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Photo Patrick Gorbunovs / The Northern Star

What an inspiring beacon of local democracy the Bentley blockade has turned out to be.

Like any conflict there is the immediate issues and then there are the wider ramifications. What appears on the surface to be simply a dispute about a speculative gas explorer gaining access to a drilling site is rapidly turning into a grand experiment in the power of local democracy to resist the seemingly overwhelming combination of state and corporate power.

Across NSW now there are numerous battles to resist the relentless imposition of both coal and gas mining against the will of regional communities. Our expectation has always been that governments act on behalf of the people and to a lesser extent that businesses seek to operate with at least a significant degree of community support (social license). People are not against all mining, nor are they against gas itself but what really has provoked a response across the state is the growing spectre of the corruption of our system of government by vested interests. It has become clear that both the past and present NSW governments are deeply compromised and captured by industrial sectors that they are supposed to be regulating.

Democracy in NSW is clearly in a deep crisis, and the ongoing revelations from ICAC are likely to be only the tip of the iceberg. The immediate consequences of a corrupted political system is poor decision making and there’s plenty of that on display, but the deeper corrosive effect is the emergence of a political system in which the power of the state and the power of vested interests become illegitimately merged. In short we are in a situation where state power is being used as a vehicle for vested interests.

We know locally that people have already exhausted the traditionally conservative forms of democratic participation, we have marched, signed petitions in our tens of thousands, written and spoken to our state MPs and even voted 87% against the establishment of a gasfields industry, tell me what reasonable option was left to the people of the Northern Rivers than to resort to non-violent protest to resist this invasion.

I wrote in my last column of my pride in our local community that despite the conflict that our people, our local police command and the Richmond Valley Council (RVC) could at least reach consensus on the over-arching importance of public safety and the right to protest. Whilst the local police command and the Bentley protectors have maintained that position, the RVC appears to have walked away from that very important consensus on matters that should be above politics and self interest.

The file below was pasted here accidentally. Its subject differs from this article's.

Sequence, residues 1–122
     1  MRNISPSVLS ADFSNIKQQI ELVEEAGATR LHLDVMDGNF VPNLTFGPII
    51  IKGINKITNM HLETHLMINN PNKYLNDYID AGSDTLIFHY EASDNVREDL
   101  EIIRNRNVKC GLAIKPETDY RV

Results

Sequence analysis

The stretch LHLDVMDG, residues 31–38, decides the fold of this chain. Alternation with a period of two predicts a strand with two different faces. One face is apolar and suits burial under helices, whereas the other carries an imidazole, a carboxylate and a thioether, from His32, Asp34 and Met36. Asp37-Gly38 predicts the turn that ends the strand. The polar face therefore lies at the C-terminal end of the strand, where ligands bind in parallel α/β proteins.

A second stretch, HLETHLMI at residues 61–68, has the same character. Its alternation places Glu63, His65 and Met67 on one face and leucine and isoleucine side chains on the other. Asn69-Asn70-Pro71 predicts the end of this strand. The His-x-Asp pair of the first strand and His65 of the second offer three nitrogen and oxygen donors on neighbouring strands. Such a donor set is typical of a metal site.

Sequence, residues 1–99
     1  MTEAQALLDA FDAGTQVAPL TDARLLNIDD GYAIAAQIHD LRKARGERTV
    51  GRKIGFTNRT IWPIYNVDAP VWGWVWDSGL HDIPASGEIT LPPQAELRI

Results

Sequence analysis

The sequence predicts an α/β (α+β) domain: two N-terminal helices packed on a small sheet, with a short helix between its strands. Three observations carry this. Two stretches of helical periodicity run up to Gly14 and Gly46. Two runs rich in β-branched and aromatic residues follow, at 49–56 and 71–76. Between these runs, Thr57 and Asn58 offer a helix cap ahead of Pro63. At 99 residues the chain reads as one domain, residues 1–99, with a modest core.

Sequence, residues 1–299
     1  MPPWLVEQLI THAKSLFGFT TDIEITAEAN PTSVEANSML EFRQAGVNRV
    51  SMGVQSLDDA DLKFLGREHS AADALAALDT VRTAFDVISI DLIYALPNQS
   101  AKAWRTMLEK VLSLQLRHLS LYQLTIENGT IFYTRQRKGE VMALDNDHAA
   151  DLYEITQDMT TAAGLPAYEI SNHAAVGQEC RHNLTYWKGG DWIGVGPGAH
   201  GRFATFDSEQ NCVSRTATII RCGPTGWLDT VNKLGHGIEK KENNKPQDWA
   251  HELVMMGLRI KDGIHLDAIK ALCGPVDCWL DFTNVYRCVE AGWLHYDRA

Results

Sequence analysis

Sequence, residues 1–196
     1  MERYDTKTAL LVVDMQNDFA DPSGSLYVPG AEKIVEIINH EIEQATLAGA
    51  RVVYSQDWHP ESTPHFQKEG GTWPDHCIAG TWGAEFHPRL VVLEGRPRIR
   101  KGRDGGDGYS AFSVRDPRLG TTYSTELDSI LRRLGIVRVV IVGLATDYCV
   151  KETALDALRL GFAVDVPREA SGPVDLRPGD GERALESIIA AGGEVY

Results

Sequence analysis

The attempts by the RVC to discourage our right to protest even on private property with the owner’s permission unfortunately pale in comparison to the approach of our state government.

Reliable intelligence now reveals that the state government is raising a force of police up to 700 strong from around the state (ie outside our local command) to come to Bentley to deal with the very large outbreak of democracy that is occurring. The audacity of a government embattled by internal corruption to send such a military type force against a united regional population is staggering. Staggering not only for its audacity but also for the economic and social cost and its obvious pointlessness. Mining under martial law is not a solution to an outbreak of democracy on this scale.

It is time for the NSW government to step back, stand down its riot police, constrain Metgasco and engage in genuine consultation with the people of the Northern Rivers.

We value our community, our land and water, we value our relationship with our local police and we are reasonable people. But brute force will never shift the very real social consensus that exists against invasive industrial gasfield development here and there is a need in the public interest to negotiate a genuine political solution. The question remains where are our four regional state MPs at a time like this, are they with us looking for a solution (as our mayors and federal members are) or are they marching ahead of the riot police and drill rigs?

 

6 Responses to Bentley Blockade: mining vs democracy

  1. Leonie says:

    Totally agree. Where is the communication and co-operation? As someone who grew up in this beautiful region I am so proud of this community of people who have been steadfast in their cause against a toxic and greedy industry which has been shown to cause long term pollution to lush agricultural land which is this communities livelihood and the food on our table. Goes to show how corrupt and self-interested politics and government has become. Tragic. Please don’t let this happen.

  2. Michael Pawson says:

    Good article. I can’t believe they think its a do-able plan, to use police force to break the community resolve. How Andrew Stoner responds now, will determine the fate of the National Party at the next election, and I suspect / hope, they in return will be broken. Have you thought about putting your name into the ring? I think you should think about it. Cheers, Michael

  3. Colin Broadfoot says:

    Well put Aidan. You’re right, there is a stench of corruption between govt and big business in NSW. The best way forward is a public enquiry into the approval process for extractives industry in NSW,including influence peddling. Open dialogue and conflict resolution is the way forward,not police suppression.

  4. khy says:

    i would like to see them on stilts with too too on

  5. Congratulations on the latest news. How to get the government to hear and take notice!!!

    Well done.

    Thanks again for coming to Bribie last week end.

    Diane

  6. Deb says:

    Bravo! I am witnessing our democracy become more and more shaky with each passing week. Thank you for writing that…

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